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Pokies legislation passes Tasmania’s upper house

Tasmania_pokies_AustraliaThe Tasmanian government’s controversial pokies legislation is set to become law after passing the state’s upper house.

The legislation will allow venues to own or lease their own poker machines from mid-2023, ending the powerful Federal Group’s monopoly on gaming. It also slashes the tax rates paid by the Federal Group on poker machine takings at its two casinos, almost in half. Five members voted against the bill — Labor MLC Bastian Seidel and independent MLCs Ruth Forrest, Rob Valentine, Mike Gaffney and Meg Webb.

Eight voted in the affirmative, including all other Labor members and all the Liberal MLCs. The legislation now goes back to the House of Assembly for final approval, and it is expected to sail through. Ms Forrest said the legislation remained deeply concerning.

“A well-regulated monopoly would have been a better proposition,” she said. “This bill fails to deliver effective harm minimisation measures. I cannot support it, I’m surprised if others believe they can.” Mr Valentine said the bill was not in a fit state to become law. “It is not what I believe the majority of Tasmanians want,” he said.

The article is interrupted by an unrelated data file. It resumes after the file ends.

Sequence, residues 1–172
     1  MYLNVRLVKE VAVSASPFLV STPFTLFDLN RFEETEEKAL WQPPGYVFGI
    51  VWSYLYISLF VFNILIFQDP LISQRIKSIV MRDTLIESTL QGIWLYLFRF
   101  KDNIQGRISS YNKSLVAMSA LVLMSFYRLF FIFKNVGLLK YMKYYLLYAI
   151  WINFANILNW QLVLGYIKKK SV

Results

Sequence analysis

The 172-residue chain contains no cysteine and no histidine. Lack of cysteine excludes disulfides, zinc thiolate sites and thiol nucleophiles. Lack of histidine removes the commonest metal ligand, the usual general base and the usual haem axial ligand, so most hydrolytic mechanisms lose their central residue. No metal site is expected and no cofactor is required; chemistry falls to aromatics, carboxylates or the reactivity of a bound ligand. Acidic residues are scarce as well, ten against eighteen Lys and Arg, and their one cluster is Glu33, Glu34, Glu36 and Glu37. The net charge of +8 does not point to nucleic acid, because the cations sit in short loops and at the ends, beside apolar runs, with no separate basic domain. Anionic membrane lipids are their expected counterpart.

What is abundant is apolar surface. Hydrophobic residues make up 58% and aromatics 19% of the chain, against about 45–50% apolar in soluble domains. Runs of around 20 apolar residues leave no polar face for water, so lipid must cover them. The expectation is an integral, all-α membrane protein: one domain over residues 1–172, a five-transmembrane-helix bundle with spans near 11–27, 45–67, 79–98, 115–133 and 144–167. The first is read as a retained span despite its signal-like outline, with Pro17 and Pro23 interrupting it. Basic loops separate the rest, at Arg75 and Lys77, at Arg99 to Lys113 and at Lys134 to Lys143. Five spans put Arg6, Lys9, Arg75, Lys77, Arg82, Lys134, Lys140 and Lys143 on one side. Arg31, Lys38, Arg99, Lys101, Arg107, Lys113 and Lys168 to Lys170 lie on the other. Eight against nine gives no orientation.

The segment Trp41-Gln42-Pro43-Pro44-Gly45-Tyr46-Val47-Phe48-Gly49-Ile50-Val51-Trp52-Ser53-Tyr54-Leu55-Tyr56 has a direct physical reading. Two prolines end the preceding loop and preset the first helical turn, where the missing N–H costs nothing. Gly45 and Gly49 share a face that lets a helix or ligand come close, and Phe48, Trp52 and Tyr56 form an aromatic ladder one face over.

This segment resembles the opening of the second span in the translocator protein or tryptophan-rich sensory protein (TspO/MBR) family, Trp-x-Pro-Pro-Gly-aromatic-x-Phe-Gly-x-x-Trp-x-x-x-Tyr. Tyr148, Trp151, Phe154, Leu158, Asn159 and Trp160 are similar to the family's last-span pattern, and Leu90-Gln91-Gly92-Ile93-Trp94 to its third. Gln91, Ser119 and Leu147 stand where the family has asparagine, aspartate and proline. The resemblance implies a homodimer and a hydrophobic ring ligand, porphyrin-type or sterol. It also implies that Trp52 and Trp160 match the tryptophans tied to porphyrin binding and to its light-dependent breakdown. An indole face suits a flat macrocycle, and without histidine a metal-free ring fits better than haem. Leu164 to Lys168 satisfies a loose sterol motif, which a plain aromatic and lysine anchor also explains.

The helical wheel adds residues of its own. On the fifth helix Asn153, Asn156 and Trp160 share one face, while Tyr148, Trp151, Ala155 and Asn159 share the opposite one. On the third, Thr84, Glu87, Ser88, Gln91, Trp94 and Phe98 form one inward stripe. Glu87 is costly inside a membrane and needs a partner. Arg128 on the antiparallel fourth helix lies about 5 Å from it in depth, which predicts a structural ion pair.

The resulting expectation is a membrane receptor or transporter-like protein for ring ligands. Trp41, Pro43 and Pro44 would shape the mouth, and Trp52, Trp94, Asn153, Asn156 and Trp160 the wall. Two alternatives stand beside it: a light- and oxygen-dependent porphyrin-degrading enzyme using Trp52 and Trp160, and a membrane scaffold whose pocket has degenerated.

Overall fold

Independent MP Kristie Johnston said the passage of the bill through to the Upper House was “utterly heartbreaking”.

“It is devastating for those who work in the community sector and I think we should be ashamed of our parliament today and the fact that we have an opposition and a government turning their backs on people who are most vulnerable in our state,” she said.

“Labor and Liberal should be ashamed.”

Greens leader Cassy O’Connor said the legislation was a “prize for the gambling industry”.

Deputy Premier Jeremy Rockliff said the debate had been exhaustive.

“The Government believes it does strike the right balance and it’s important also that there [is] harm minimisation work that needs to be done as well,” he said.

“We recognise we need to support people with a gambling addiction. I want to ensure that we have the right programs that are accessible in place, I want to ensure there are campaigns to discourage gambling and gambling addiction.”

It is the end of an era for the family-owned Federal Group, which has held a monopoly on gaming licensing in the state for more than 50 years.

The company opened the state’s first casino in 1973 and was given the right to licence all poker machines when they were introduced in Tasmania 20 years later.




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